Event ReportsPublished on Feb 09, 2023
T20 Side Event | Panel Discussion on Towards Reformed Multilateralism: Transforming Global Institutions and Frameworks
On January 30, the Observer Research Foundation (ORF), in partnership with the Symbiosis School of International Studies in Pune, hosted a Think20 side event on ‘Towards Reformed Multilateralism: Transforming global institutions and frameworks.’ The panel comprised of four leading experts in the field of international relations and geopolitics, including Amb. Gautam Bambawale, former Ambassador to China and Bhutan and High Commissioner to Pakistan; Dr. Rajeswari Pillai Rajagopalan, Director of Centre for Security, Strategy and Technology, ORF; Prof. Harsh V. Pant, Vice President of Studies and Foreign Policy, ORF; and Shivali Lawale, Director of Symbiosis School of International Studies, Pune. The T20 side event took off with a brief explanation of the current dynamics within multilateral institutions concerning veto power. The discussion explored challenges and opportunities for transforming global institutions and frameworks, particularly emphasising the role of India and how it can make an effective contribution under the ongoing G20 Presidency. Sharing their thoughts on the urgency for reforms, the panellists explained India's stand towards reforming international organisations, such as the United Nations, World Trade Organization, World Health Organization, and the International Monetary Fund. Amb. Bambawale discussed how these organisations and institutions are underrepresenting the current state of world affairs and undermining the stand of developing nations. Multilateral organisations today are unable to function as they once did since they continue to live in the realities of 1945, he argued. Dr. Rajagopalan stressed the importance of inclusive decision-making processes in global institutions and the need to ensure that all countries, regardless of their size and power, have a say in shaping the world's future. She addressed the ineffective nature of such institutions, given the global power shifts observed in current times. Prof. Pant drew attention to the role of different actors, including governments, civil society, and the private sector, in implementing reforms and framing narratives to find India's stand in the current dynamics of multilateral organisations. He deliberated upon the potential impact of technological advancements, such as artificial intelligence (AI), on multilateralism and international institutions. He made intriguing statements towards the change in the narrative since the Cold War and how the perceptions held by the powers of that era could no longer determine the type of power dynamics confronting the emerging world order. The discussion also covered India's current standing amid all balance-of-power debates, explaining the critical role of India’s G20 Presidency in inciting debates on finding our way through such pressing problems. Amb. Bambawale emphasised the need for strengthening the capacity of international organisations to effectively address any current and future global challenges, especially with regards to India being the fifth largest economy which could do with better representation amongst the global fora. The panel discussion was followed by student presentations from ten educational institutions from Pune on Reformed Multilateralism. They included Gokhale Institute of Politics and Economics, Institute of Management Development and Research (IMDR), FLAME University, Symbiosis College of Arts and Commerce (SCAC), Symbiosis School of Liberal Arts (SSLA), MIT-WPU School of Management PG, MIT-School of Government, Modern College of Arts & Commerce, Fergusson College, and The Symbiosis School of International Studies (SSIS). The students presented on topics such as ‘Democratising Multilateral Organisations’, ‘The Lessons from the 1970 NIEO Movement for Reformed Multilateralism', and 'Multilateralism in the Digital Era'. The presentations covered the migration challenge in reforming multilateralism and the essence of India’s G20 theme of Vasudhaiva Kutumbakam leaving its impact on the world. The presentations by students added a unique perspective on the subject and further enriched the discussions with the views of the youth. The T20 side event ended with a Q&A session. The questions explored topics such as the balance of power concerning China, the role of multilateral organisations in a world shifting towards bilateral, trilateral, and quadrilateral relations, the potential impact of rapidly changing power dynamics, and the effects of AI and technology on decision-making. The discussion also touched upon the China-United States power debate, providing a platform for young minds to deepen their understanding of current global issues. In conclusion, Shivali Lawale stated how the event provided a platform for engaging in lively and optimistic conversations with the youth. More such interactive sessions were encouraged with the country’s young citizens who will be driving the change for a better tomorrow and reforming the ways how leaders and nation-states can redefine the concept of ‘national interest’.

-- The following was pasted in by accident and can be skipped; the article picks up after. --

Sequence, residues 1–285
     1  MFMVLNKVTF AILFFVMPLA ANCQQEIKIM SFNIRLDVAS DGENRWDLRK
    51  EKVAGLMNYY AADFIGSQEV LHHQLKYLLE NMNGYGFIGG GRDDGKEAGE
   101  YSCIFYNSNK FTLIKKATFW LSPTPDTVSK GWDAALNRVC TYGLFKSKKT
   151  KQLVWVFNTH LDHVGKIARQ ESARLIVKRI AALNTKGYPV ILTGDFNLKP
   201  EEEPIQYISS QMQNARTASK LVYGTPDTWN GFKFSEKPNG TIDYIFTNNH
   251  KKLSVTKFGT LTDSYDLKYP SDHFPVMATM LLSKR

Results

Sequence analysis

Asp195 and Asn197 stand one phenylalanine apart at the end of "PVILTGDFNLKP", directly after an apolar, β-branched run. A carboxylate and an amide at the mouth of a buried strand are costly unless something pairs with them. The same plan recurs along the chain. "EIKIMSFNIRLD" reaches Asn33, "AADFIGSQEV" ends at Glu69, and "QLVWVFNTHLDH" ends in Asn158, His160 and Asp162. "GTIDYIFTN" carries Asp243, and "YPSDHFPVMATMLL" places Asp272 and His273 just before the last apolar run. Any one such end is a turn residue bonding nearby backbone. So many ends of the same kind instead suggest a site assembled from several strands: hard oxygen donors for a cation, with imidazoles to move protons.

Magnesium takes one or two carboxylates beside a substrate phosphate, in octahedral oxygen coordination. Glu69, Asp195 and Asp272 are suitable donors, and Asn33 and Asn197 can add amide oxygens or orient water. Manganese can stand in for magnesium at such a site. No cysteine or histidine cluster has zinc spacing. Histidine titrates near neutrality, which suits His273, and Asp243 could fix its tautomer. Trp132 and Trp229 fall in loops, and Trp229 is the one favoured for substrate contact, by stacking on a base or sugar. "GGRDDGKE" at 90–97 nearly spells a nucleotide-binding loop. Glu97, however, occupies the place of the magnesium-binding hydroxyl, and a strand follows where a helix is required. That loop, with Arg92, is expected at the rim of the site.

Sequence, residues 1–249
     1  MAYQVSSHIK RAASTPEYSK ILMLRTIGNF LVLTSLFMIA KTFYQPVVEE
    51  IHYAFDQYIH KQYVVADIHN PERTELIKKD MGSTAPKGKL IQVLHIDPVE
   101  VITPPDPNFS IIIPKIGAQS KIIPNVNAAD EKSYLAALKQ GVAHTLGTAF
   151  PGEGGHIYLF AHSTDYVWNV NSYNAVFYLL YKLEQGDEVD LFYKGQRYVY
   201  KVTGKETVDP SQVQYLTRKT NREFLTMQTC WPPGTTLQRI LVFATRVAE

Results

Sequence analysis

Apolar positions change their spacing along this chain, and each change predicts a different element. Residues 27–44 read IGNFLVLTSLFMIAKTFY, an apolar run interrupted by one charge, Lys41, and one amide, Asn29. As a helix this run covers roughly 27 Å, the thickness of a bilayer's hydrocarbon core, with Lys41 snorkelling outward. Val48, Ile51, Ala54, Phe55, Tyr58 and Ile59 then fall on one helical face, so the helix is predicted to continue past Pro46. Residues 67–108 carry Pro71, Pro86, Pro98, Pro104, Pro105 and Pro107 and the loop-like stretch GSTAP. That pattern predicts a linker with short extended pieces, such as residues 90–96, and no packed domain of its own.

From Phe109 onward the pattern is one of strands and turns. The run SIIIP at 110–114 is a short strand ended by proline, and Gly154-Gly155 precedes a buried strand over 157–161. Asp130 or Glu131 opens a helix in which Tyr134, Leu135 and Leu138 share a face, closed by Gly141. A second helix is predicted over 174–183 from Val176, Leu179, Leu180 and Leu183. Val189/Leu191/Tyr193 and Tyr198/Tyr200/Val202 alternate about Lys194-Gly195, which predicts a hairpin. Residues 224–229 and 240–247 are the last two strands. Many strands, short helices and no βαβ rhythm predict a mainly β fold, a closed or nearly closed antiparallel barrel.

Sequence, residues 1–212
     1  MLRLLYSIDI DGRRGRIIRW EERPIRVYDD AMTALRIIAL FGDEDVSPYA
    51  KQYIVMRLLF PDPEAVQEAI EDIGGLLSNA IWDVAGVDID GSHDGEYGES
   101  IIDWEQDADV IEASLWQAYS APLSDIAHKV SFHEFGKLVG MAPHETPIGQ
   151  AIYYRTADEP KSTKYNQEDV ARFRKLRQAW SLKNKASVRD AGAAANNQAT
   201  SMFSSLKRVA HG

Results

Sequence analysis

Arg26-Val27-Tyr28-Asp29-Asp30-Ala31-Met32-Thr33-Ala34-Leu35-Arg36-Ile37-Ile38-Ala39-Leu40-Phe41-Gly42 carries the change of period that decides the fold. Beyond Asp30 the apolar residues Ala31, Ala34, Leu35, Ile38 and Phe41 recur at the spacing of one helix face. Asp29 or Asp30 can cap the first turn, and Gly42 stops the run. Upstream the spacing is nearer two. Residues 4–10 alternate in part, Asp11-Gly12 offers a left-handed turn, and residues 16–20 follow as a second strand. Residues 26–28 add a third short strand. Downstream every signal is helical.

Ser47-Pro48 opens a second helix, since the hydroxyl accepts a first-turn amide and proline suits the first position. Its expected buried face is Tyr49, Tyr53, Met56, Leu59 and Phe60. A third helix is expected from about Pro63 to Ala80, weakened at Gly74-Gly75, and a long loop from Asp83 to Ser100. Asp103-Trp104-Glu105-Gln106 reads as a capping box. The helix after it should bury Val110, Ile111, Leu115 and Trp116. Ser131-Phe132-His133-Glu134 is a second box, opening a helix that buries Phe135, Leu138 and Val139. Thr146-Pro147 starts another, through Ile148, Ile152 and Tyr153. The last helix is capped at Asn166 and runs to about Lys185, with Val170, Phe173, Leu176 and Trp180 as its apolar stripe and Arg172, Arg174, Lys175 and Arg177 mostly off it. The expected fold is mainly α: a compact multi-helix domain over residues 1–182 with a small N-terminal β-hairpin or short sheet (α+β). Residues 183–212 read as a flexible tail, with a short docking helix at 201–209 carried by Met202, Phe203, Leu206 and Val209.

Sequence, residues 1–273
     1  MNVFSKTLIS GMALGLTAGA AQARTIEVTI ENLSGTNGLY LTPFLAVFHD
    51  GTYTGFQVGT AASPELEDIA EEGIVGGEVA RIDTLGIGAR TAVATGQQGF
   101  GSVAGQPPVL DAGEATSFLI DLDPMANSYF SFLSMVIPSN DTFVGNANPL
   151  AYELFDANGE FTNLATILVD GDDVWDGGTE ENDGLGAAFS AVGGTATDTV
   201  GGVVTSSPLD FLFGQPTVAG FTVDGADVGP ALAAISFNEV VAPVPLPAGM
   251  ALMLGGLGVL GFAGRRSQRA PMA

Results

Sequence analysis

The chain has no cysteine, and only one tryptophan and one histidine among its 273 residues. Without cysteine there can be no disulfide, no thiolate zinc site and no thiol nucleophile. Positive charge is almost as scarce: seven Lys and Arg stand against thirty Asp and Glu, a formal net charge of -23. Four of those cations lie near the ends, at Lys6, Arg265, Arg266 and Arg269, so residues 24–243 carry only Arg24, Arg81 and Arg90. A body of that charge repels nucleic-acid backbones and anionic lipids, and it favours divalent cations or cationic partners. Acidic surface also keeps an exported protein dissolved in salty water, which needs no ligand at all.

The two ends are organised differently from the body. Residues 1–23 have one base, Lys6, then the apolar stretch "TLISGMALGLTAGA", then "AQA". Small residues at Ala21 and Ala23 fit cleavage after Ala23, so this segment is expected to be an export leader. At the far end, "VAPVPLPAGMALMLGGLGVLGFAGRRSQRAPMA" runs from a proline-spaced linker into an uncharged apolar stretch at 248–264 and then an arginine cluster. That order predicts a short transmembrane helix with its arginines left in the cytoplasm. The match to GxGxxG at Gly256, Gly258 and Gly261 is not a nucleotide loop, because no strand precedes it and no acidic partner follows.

This report has been compiled by Samridhi Diwan, Research Intern, and Dhaval Desai, Vice President of ORF Mumbai.
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